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Gondola prow

Gondola prow

  • Place of origin:

    Venice (made)

  • Date:

    1600-1700 (made)

  • Artist/Maker:

    Unknown

  • Materials and Techniques:

    Steel, wrought, pierced and engraved

  • Museum number:

    345-1880

  • Gallery location:

    Europe 1600-1815, Room 2a, case WALL , shelf OUTSIDE WALL OF MIRRORED CABINET

This is a rare surviving example of a seventeenth-century gondola iron from Venice. Gondolas are shallow-bottomed boats that navigate the shallow, calm Venetian canals. Their prows and sterns were not designed to withstand heavy seas, and so could be elaborate and decorative displays of the blacksmith's art. They were also kept highly polished. The English diarist John Evelyn (1620-1706) visited Venice in 1645 and described gondolas as 'very long and narrow, having necks and tailes of steele, somewhat spreading at the beake like a fishes taile, and kept so exceedingly polish'd as gives a wonderfull lustre'. This example recalls the prow iron of an ambassadorial gondola sketched by the Venetian artist Francesco Guardi (1712-1793) (the drawing is in the Museo Correr, Venice). Although a characteristically Venetian vessel, gondolas were not unknown on the Thames in the late seventeenth century. Two gondolas are depicted close to the King's barge in the engraving by Dirk Stoop of the procession of boats that accompanied Charles II and his new bride Catherine of Braganza, as they travelled from Hampton Court to the Palace of Whitehall in August 1662. Later that year, the Venetian diplomat Francesco Giavarrina presented Charles with a pair of gondolas, and he recorded how the king was impressed by the grace and lightness of the boats, and with the skill of the gondoliers.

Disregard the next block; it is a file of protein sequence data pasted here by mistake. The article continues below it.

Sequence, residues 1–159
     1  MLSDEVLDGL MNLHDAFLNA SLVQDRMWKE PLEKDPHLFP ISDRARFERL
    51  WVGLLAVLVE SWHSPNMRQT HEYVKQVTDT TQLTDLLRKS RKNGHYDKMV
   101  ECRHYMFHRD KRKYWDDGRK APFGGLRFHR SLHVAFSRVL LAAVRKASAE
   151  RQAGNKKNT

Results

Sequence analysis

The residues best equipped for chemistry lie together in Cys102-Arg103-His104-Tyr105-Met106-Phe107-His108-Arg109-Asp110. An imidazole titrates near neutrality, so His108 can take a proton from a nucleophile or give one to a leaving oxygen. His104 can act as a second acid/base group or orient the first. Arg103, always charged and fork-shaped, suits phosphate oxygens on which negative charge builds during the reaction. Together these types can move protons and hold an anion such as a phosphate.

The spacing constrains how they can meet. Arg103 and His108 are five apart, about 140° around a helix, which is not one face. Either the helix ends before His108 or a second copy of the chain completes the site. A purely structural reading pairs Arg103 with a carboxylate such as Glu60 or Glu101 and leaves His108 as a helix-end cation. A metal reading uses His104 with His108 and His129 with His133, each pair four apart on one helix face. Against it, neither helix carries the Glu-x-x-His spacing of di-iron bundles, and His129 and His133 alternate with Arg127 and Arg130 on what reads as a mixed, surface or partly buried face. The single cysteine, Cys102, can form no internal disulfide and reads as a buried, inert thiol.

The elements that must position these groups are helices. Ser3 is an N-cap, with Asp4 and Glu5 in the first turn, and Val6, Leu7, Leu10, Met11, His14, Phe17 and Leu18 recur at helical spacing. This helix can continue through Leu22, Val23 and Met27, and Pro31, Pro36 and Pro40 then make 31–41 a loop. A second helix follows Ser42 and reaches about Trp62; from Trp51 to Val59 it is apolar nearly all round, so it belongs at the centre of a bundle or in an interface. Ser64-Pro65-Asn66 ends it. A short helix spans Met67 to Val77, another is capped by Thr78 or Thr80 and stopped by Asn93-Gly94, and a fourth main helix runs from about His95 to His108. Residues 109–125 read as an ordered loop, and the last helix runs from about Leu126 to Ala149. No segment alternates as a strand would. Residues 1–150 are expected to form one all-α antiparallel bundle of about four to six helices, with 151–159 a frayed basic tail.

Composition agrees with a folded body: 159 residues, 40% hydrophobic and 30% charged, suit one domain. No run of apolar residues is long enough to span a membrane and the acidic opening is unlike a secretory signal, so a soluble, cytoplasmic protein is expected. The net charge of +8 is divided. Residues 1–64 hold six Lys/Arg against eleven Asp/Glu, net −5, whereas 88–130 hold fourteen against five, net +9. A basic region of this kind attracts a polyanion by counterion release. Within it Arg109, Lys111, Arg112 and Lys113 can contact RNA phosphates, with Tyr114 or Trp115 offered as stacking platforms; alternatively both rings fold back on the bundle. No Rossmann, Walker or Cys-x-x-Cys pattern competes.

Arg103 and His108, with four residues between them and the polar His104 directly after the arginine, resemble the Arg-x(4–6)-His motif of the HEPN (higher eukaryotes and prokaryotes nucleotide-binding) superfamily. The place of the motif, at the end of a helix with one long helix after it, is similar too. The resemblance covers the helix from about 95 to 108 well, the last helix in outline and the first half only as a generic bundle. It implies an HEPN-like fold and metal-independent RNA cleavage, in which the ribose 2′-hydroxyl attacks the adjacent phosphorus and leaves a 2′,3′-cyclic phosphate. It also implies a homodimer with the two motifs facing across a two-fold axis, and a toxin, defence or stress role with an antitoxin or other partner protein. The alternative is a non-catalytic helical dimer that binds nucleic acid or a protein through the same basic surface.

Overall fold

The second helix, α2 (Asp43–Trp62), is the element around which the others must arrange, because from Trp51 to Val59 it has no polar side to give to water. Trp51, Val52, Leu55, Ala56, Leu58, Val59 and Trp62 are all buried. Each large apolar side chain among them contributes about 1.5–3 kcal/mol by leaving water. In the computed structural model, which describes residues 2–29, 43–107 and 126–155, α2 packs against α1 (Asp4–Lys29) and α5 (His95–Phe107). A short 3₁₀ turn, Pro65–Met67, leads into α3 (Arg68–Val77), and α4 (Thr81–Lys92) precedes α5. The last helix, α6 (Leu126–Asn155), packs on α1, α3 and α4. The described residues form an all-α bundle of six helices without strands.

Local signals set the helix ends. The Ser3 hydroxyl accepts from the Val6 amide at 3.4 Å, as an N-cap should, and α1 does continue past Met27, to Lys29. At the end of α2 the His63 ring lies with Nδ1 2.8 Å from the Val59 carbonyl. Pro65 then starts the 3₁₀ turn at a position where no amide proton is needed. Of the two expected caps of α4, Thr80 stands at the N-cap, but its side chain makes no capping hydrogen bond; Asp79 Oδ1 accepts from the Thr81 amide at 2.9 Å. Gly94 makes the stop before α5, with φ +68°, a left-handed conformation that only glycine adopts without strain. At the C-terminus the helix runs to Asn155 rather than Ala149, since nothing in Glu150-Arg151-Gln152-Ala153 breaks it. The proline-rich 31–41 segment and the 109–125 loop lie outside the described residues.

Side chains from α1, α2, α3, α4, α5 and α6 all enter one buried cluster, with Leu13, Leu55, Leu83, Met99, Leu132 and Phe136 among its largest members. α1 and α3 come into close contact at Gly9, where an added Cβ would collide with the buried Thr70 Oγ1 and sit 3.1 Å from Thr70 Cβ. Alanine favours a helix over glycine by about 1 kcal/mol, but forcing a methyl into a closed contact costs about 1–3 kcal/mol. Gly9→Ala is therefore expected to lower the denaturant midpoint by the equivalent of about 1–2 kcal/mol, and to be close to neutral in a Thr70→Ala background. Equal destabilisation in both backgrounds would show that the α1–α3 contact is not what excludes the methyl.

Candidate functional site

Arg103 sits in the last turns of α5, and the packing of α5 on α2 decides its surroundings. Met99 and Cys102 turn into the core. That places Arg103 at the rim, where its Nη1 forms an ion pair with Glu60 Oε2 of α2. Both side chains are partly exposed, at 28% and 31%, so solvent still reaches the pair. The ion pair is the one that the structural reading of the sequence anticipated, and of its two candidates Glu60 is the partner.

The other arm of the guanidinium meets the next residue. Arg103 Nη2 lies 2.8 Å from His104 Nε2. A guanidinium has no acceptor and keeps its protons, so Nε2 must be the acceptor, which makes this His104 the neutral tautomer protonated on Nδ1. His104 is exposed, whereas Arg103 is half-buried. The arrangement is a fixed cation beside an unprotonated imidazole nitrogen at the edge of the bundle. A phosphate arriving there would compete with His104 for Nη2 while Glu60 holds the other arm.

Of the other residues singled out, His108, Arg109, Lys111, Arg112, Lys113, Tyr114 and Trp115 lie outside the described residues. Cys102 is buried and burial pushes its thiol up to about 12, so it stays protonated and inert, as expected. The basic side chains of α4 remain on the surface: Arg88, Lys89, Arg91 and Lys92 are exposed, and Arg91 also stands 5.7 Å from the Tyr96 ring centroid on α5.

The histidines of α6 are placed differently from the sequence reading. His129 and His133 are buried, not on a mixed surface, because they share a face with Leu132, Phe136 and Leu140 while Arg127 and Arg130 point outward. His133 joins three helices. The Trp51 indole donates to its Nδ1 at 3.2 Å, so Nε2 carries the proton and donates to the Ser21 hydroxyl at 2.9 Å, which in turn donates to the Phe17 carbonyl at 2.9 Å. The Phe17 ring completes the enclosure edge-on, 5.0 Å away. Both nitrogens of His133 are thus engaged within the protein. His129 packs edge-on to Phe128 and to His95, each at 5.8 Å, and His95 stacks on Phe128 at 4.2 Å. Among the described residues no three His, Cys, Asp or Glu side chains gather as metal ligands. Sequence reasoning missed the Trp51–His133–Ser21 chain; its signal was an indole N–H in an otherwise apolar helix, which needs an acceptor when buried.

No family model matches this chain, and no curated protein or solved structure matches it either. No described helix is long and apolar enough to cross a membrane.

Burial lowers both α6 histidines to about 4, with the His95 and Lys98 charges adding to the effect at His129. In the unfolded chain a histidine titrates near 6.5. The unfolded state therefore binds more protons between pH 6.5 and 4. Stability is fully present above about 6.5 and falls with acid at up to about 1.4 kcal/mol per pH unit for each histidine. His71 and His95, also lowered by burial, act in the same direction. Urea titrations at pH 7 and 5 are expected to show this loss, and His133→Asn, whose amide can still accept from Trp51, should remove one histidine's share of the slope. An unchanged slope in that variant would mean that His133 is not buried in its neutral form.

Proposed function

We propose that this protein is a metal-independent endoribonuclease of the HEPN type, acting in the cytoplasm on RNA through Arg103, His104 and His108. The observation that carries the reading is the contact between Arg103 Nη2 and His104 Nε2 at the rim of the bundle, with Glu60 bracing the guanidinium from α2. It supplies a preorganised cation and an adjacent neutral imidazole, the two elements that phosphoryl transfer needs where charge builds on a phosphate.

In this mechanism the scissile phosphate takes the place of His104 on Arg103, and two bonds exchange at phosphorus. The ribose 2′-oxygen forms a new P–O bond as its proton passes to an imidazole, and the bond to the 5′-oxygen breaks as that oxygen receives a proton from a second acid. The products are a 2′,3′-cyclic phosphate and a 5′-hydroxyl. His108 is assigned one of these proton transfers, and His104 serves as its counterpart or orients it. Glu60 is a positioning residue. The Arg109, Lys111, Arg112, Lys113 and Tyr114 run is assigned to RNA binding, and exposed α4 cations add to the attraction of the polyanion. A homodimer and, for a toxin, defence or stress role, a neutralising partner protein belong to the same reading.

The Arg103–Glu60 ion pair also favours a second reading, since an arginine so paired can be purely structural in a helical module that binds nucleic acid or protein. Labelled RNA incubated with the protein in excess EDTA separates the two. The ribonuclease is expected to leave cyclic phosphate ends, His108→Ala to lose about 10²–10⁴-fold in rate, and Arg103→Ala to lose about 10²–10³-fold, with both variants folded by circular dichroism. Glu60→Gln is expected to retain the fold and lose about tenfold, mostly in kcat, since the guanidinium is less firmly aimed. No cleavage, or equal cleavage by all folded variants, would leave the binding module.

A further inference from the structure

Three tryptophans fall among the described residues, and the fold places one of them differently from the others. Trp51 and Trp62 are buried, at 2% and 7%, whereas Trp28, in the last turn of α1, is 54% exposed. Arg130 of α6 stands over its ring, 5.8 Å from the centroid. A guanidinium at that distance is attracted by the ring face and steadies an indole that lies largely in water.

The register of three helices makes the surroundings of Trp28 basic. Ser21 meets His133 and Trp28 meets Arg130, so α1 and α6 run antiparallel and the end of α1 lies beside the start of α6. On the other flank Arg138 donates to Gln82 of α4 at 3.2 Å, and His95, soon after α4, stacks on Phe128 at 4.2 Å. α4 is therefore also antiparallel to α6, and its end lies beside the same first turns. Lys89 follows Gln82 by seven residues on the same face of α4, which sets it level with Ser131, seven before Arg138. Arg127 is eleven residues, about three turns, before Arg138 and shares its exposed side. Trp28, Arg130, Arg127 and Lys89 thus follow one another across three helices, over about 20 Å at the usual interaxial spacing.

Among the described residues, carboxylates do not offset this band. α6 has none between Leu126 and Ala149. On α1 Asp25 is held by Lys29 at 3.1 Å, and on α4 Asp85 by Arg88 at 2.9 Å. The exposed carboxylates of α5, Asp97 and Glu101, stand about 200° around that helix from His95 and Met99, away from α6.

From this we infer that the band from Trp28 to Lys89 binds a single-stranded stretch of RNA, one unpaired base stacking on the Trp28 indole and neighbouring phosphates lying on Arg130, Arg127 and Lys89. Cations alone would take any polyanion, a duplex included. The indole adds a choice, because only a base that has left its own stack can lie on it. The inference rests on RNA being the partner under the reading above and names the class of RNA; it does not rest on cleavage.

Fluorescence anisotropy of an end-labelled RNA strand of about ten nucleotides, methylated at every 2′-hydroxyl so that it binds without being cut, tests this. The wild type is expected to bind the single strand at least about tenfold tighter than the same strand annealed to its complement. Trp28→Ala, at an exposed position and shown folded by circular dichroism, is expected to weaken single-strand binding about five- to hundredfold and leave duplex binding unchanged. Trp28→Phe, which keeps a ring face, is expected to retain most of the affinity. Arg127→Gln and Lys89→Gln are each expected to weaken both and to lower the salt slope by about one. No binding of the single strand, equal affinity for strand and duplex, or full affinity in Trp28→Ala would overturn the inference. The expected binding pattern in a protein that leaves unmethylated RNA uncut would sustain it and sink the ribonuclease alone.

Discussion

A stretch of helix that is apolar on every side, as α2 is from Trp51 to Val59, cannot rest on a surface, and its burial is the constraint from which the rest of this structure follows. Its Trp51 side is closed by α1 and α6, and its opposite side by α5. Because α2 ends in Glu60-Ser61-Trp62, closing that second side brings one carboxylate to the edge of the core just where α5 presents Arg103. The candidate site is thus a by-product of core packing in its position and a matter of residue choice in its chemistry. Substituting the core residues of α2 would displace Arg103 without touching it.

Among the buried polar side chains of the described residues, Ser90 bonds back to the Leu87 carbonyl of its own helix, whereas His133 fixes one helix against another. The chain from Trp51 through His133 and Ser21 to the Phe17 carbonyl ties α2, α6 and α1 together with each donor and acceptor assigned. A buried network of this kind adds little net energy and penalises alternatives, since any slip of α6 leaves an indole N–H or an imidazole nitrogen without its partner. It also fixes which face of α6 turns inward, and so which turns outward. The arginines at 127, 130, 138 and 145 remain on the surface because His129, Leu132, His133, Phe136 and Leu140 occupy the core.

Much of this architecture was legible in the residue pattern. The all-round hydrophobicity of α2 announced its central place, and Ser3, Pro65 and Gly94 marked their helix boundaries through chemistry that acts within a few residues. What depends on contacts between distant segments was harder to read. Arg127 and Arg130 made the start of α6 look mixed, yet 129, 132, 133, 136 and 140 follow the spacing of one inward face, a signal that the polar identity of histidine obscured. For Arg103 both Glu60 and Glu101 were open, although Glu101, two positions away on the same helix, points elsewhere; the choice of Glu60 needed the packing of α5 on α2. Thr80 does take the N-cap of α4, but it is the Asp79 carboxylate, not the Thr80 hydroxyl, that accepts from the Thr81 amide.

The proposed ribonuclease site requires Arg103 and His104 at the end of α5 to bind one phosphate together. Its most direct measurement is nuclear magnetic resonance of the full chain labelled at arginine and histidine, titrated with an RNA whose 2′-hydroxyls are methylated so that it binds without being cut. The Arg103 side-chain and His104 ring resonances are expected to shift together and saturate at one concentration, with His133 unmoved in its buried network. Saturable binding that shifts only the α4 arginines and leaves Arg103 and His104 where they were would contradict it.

Physical description

Gondola prow of engraved steel, to which is attached three branches ending with three, flat foliate terminals, the prow terminating at the top with an elaborate scroll of pierced and engraved foliate design which includes figures and birds, and which is supported by a triton.

Place of Origin

Venice (made)

Date

1600-1700 (made)

Artist/maker

Unknown

Materials and Techniques

Steel, wrought, pierced and engraved

Dimensions

Height: 1135 mm approximate, Width: 1020 mm approximate, Depth: 45 mm approximate

Descriptive line

Gondola prow, engraved steel, Venice, 17th century

Bibliographic References (Citation, Note/Abstract, NAL no)

Campbell, Marian. Decorative Ironwork. London: V&A Publications, 1997. ISBN: 1851771964
p.21
Gardner, John Starkie. Ironwork. Part 2: Continental ironwork of the renaissance and later periods. London, 1896.
Rubin de Cervin, G. B. The Evolution of the Venetian Gondola. The Mariners Mirror. 42.3 (August 1956), pp. 201-18
Evelyn, John. Diary Now first printed in full from the manuscripts belonging to Mr. John Evelyn, ed. by E. S. de Beer. 6 vols. Oxford: Clarendon Press, 1955.
Doran, Susan, ed., with Robert J. Blyth. Royal River. Power, Pageantry & the Thames. Catalogue of the exhibition held at the National Maritime Museum, Greenwich, 27 April - 9 September 2012. London: Scala 2012. ISBN 9781857597004
Pedrini, Augusto. Il ferro battuto, sbalzato e cesellato nell' arte italiana dal secolo undicesimo al secolo diciottesimo. Milan: Hoepli, 1929

Materials

Steel

Techniques

Forging (metal forming); Engraving (incising); Piercing

Subjects depicted

Foliage

Categories

Ironwork; Metalwork

Collection

Metalwork Collection

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